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Life lessons at a potter’s wheel

By Tarris Rosell

Being a clay artist is a lesson in humility. What I intend to create when sitting down at the wheel oftentimes turns out rather differently than I’d imagined—or it doesn’t turn out at all. Those would-be pots we call “flops.” It happens. Watch me long enough at my potter’s wheel and you will see a flop.

We can learn a lot from flops. Since I don’t like to fail, I typically try to save my flops on the wheel. Usually that’s a bad idea. Occasionally it works out wonderfully, however. Some of my favorite pots started out as flops. Just like some of us mortals, I suppose.

Tarris Rosell uses his potter’s wheel.

Being a clay artist is also a lesson in mortality. I am reminded at the wheel that virtually everything I create in the studio will outlast me, its creator, by hundreds of years. Maybe millennia. We find clay pots and potsherds that were created by artists who lived and died 15,000 to 18,000 years ago. Their clay work, even if only in fragments, remains long after the potter is gone. Clay pots are almost immortal. I am not.

At the wheel I am reminded of those words I have repeated so many times when officiating the interment of a body or cremains, ashes. But really those ashes are just dust. As the interred body will someday be also. And so we clergy officiants recite the words from Genesis 3:19: “You are dust and to dust you shall return.” At the gravesite we say, “We commit this body to the elements: earth to earth, ashes to ashes, dust to dust.” We humans are indeed mortal, as I am reminded when working clay extracted from the earth.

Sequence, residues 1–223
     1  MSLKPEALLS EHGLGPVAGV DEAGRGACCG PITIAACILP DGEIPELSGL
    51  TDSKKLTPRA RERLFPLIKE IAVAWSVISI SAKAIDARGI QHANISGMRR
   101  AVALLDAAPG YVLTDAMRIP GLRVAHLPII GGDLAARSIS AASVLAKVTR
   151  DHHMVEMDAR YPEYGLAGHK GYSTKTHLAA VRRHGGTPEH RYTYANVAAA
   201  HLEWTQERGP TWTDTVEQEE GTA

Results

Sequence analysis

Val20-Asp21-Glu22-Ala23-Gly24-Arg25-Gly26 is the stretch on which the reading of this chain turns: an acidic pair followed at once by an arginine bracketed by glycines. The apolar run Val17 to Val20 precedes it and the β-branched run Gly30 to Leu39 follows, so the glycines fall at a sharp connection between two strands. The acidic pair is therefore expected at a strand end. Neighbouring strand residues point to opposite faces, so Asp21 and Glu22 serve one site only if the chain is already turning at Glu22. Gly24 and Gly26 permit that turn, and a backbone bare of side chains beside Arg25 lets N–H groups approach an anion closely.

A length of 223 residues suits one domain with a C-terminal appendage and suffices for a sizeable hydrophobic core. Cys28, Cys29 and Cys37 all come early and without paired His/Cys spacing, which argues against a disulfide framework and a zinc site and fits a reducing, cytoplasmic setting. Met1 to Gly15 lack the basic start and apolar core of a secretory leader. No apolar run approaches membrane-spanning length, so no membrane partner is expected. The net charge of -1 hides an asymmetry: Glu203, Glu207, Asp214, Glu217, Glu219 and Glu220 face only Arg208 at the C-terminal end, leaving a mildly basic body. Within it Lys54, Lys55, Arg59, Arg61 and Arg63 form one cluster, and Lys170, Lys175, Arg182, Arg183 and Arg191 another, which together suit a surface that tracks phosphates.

Everything that has an end also had some beginning. We come from somewhere. At the wheel, I am reminded not just of mortality but of my beginnings. And yours. Another verse we recite at the graveside is actually about our origins. The psalmist wrote: “For God knows how we were made; God remembers that we are dust.” (Psalm 103)

One of Tarris Rosell’s mugs.

The Genesis creation story has the Creator fashioning humans from dust. Something like a potter. Add a bit of water, do a bit of shaping, and voila! A human. Hydrated dust. That’s what we are. Which is what clay is also. Just hydrated dust. The glaze that I use—before it is fired to 2200 degrees in the kiln—those glazes start out as hydrated dust. I don’t feel very god-like sitting at a wheel creating things out of hydrated dust. But I do feel some kinship with the clay that I shape and form. As the poet of Ecclesiastes notes: “All go to one place; all are from the dust, and all turn to dust again.” (Ecclesiastes 3:20 NRSV). That’s a reference to all humans, surely, but I feel some kinship also with the clay when working at the wheel. We have the same origins.

Plate and chalice by Tarris Rosell.

Hydrated dust. A lot of useful and/or beautiful things can come of it in the interim space between dusty origins and dusty endings. That is what I intend as a functional clay artist: to fashion useful things that might be beautiful sometimes also. When gazing at my clay creations, you can decide for yourself whether I have been successful or to what extent.

I believe we mortals are created to be useful and beautiful. Beautiful in spirit and functionally useful—making a difference in the world for the short time we inhabit it. Each of us can decide for ourselves whether we are being successful in that regard or to what extent. It’s something I ponder for myself while sitting at a potter’s wheel—which has become for me a place to create and to learn.

—Tarris Rosell, of Amani Lamps and Pots, a bioethicist and ethics professor, participated in the recent PeaceWorks KC Local Art Fair.

© 2022, Tarris Rosell, Creative Commons Attribution Share-Alike 4.0 International License.

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